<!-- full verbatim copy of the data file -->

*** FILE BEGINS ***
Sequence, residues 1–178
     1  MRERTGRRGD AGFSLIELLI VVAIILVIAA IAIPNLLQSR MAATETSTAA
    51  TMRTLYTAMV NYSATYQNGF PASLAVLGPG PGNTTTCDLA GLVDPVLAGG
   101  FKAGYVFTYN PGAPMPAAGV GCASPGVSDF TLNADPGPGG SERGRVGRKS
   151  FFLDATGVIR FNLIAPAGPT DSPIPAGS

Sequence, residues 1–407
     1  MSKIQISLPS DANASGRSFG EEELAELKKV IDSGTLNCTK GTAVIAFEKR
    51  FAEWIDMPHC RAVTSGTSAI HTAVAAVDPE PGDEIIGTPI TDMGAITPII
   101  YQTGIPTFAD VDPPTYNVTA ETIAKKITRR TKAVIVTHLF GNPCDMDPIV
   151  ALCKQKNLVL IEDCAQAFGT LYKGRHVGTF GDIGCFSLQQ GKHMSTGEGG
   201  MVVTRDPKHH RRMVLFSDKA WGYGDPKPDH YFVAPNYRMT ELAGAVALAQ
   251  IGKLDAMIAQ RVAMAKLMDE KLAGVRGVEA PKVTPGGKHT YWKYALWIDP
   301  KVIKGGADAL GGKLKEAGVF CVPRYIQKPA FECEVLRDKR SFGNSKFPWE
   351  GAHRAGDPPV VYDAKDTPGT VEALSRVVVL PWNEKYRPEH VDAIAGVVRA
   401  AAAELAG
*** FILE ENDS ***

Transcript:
Sequence, residues 1–178
     1  MRERTGRRGD AGFSLIELLI VVAIILVIAA IAIPNLLQSR MAATETSTAA
    51  TMRTLYTAMV NYSATYQNGF PASLAVLGPG PGNTTTCDLA GLVDPVLAGG
   101  FKAGYVFTYN PGAPMPAAGV GCASPGVSDF TLNADPGPGG SERGRVGRKS
   151  FFLDATGVIR FNLIAPAGPT DSPIPAGS

Sequence, residues 1–407
     1  MSKIQISLPS DANASGRSFG EEELAELKKV IDSGTLNCTK GTAVIAFEKR
    51  FAEWIDMPHC RAVTSGTSAI HTAVAAVDPE PGDEIIGTPI TDMGAITPII
   101  YQTGIPTFAD VDPPTYNVTA ETIAKKITRR TKAVIVTHLF GNPCDMDPIV
   151  ALCKQKNLVL IEDCAQAFGT LYKGRHVGTF GDIGCFSLQQ GKHMSTGEGG
   201  MVVTRDPKHH RRMVLFSDKA WGYGDPKPDH YFVAPNYRMT ELAGAVALAQ
   251  IGKLDAMIAQ RVAMAKLMDE KLAGVRGVEA PKVTPGGKHT YWKYALWIDP
   301  KVIKGGADAL GGKLKEAGVF CVPRYIQKPA FECEVLRDKR SFGNSKFPWE
   351  GAHRAGDPPV VYDAKDTPGT VEALSRVVVL PWNEKYRPEH VDAIAGVVRA
   401  AAAELAG